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Types and mechanisms of cognitive deficits in childhood epilepsy
24 August 2010
06 February 2011
17 July 2015 (online)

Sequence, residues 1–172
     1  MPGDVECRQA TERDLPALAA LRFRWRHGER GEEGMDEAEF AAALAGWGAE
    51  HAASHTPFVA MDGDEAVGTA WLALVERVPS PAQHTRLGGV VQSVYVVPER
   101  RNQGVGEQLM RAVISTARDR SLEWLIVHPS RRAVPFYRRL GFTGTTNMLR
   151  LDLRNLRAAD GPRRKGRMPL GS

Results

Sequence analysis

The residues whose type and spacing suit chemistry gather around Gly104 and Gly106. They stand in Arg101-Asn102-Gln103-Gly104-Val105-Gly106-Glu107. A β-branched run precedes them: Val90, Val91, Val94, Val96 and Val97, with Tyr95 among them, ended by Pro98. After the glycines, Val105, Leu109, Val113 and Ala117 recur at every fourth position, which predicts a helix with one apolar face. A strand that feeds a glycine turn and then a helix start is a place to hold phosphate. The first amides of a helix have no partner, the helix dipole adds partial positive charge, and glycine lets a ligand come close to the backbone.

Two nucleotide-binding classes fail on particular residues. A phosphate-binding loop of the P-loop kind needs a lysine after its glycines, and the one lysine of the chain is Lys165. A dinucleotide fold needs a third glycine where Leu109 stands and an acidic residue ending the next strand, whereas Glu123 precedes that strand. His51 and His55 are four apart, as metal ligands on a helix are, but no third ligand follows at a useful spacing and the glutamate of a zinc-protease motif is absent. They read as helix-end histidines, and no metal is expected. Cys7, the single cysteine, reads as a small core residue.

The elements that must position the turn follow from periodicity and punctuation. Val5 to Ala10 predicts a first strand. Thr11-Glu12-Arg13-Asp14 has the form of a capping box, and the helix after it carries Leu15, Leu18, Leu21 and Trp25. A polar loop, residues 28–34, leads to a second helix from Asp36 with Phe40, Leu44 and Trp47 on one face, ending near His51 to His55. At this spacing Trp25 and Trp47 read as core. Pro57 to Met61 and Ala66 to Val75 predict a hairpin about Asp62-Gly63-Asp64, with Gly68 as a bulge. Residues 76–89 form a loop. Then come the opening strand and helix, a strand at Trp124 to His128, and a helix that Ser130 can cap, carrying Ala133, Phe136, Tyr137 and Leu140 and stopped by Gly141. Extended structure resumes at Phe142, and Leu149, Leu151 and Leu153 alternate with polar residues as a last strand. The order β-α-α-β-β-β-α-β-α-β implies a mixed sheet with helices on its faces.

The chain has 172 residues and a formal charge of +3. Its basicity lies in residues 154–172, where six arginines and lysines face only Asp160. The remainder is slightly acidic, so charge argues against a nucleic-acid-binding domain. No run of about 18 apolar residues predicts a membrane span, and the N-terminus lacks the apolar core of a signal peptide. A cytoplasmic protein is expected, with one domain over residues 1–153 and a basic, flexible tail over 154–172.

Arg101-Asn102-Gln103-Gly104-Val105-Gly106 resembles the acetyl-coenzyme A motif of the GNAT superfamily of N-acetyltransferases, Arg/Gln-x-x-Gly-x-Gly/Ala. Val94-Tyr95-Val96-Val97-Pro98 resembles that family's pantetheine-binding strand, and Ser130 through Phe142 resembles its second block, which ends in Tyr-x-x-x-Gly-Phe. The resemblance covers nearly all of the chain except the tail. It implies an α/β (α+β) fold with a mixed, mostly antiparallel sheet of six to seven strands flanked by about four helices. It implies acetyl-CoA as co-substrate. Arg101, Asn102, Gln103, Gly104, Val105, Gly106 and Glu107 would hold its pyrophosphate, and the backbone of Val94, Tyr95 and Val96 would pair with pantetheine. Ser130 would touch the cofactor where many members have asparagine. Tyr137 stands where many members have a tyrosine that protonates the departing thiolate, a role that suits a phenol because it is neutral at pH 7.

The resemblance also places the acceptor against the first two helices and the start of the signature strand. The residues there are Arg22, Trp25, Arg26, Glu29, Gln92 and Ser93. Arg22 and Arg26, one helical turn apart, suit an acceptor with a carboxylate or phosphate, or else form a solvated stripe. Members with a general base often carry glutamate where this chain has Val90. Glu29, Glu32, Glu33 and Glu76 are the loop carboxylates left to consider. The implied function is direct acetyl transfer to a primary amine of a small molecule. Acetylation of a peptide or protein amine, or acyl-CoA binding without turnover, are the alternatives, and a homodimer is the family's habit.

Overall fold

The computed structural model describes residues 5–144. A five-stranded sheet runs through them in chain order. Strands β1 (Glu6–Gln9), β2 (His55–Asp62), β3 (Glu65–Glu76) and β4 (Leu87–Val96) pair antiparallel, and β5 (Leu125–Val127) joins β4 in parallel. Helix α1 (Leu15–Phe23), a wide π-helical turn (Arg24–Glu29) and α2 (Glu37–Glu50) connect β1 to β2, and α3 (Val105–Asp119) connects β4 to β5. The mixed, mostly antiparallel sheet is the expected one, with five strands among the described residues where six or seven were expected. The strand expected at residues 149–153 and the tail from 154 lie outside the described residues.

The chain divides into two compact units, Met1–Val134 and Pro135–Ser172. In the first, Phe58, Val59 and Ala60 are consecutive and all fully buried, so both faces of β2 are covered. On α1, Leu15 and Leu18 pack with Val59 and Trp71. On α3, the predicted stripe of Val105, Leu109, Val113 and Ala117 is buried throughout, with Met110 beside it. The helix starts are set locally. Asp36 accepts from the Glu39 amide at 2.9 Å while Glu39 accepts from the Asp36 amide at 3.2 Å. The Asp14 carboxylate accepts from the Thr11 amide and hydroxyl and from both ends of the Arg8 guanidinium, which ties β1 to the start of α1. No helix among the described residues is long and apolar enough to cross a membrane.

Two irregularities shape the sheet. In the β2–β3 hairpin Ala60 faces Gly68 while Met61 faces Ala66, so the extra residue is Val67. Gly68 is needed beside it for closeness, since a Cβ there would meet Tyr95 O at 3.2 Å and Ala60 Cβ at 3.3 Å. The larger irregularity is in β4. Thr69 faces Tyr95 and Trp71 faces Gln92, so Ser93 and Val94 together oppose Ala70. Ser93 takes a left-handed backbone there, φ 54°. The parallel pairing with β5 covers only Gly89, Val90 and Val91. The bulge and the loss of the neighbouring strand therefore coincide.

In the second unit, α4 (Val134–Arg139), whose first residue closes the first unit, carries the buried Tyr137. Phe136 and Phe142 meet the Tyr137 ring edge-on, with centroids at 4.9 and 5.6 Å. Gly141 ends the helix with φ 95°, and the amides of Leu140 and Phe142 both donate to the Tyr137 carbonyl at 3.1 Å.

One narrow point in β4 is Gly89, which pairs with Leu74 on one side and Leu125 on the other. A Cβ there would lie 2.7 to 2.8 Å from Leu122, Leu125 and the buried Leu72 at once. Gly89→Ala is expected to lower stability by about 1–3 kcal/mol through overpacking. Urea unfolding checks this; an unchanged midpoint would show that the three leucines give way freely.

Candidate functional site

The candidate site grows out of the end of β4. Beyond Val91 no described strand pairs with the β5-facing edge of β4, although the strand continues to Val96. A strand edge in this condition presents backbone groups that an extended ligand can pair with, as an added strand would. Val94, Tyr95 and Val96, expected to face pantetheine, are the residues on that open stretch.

Many human studies on cognition have focused on infants, preschool, and school age children. This period is characterized by peak hippocampal and cortical regional development, as well as myelinogenesis, dendritogenesis, and synaptogenesis. The presence of epilepsy and its treatment during the period of maximal white-matter growth might result in impairment in spatial learning, memory processes and other aspects of cognition. Several variables are associated with cognitive impairment in epilepsy, which includes maternal-related, seizure-related and medication-related variables. Paroxysmal seizures and electroencephalography epileptic discharges may cause transient, persistent or progressive cognitive impairment. Transient disruption of cognitive processing may occur with paroxysmal epileptic activity. Repeated seizure activity selectively impairs myelin accumulation, consumes, and reduces hippocampal plasticity available for information processing. High doses of antiepileptic drugs (AEDs) and polypharmacy are also significant risks for cognitive impairment with AEDs. AEDs produce global changes in the excitation levels in the central nervous system and often lead to cognitive deficits. In utero exposure to AEDs may cause defects in neuronal proliferation and migration and increase apoptosis. Although the immature brain has increased vulnerability to seizures but appears to be more “resistant” to the damaging affect of epilepsy than does the mature brain, however, if sufficiently long, a seizure can result in damage at any age. Cognitive impairment even if trivial may adversely affect the child's psychosocial functioning in daily life by interference with educational skills and learning tasks. To conclude, understanding the mechanisms underlying cognitive impairment with epilepsy and AEDs raise important clinical and research implications and recommendations.